For example, when forest is converted into agricultural land, how can the land maintain an acceptable level of watershed protection, local climate control, carbon sequestration, biological diversity, or other environmental services that society (local, national, or global) deems necessary? The challenges to science are four-fold. First, an enormous effort in scientific integration is necessary, involving agronomy, atmospheric science, biology, civil engineering, geology, hydrology, and many other fields. Second, the decision sciences have to cope with the uncertainties of dealing with man-made changes (such as global warming) that are overlaid with partially unknown natural cycles that may be of greater magnitude and may run counter to the man-made trends. Third, the “scientific inputs” easily blur into value judgments about what ought to be. Thus far, scientists have been somewhat professionally self-indulgent in opting for ecosystems that are more scientifically interesting. Fourth, scientists are finding that their disagreements on technical issues, even if rather narrow in terms of implications for policy, are often used by politicians to avoid taking action on issues for which scientific input is potentially of great importance.

Conclusions and Implications

This “quick-and-dirty” survey emphasizes the implications of various probable trends in economic factors and public attitudes. It is based on a conviction that science policy will be shaped by reactions to economic challenges (more than to national security concerns as in the past) and to increasingly nonindulgent public opinion. Subjective trends (i.e., opinions and attitudes) are notoriously difficult to project. But it is certainly fair to say that public opinion toward science and scientists is in flux. The breakdown of the justifying myth of science appears to be a very strong possibility. The argument for science for its own sake seems unnecessary (why would science that can be justified for its short- or long-term potential for serving societal needs be any less promising a priori than science undertaken out of curiosity or as a result of the momentum of PhD mills and peer-review cliques?), and the Bush economic argument for basic science is increasingly problematic. In short, scientists will be held accountable. The acceptance of basic science may no longer be taken for granted, as people recognize that the distinction between basic and applied science frustrates accountability. A new fusion of scientific input and public participation may be necessary.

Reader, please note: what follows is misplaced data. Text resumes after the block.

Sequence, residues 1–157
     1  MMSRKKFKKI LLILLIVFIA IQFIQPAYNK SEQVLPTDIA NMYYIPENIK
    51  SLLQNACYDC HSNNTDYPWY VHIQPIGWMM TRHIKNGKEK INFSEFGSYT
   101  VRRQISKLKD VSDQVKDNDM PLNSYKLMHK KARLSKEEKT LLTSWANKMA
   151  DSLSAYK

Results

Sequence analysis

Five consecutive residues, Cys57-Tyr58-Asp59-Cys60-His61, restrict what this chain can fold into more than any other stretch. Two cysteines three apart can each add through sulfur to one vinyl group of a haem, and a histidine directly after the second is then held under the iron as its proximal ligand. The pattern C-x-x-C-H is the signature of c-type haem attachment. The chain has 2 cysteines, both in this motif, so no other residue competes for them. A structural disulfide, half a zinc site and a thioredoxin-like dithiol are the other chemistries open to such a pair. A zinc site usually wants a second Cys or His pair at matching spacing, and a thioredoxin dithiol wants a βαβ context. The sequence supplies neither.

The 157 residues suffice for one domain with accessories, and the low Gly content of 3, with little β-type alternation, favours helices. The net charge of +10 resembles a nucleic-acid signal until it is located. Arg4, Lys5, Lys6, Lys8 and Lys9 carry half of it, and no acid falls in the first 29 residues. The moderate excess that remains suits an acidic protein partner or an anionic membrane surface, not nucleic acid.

The National Academies | 500 Fifth St. N.W. | Washington, D.C. 20001
Copyright © National Academy of Sciences. All rights reserved.
Terms of Use and Privacy Statement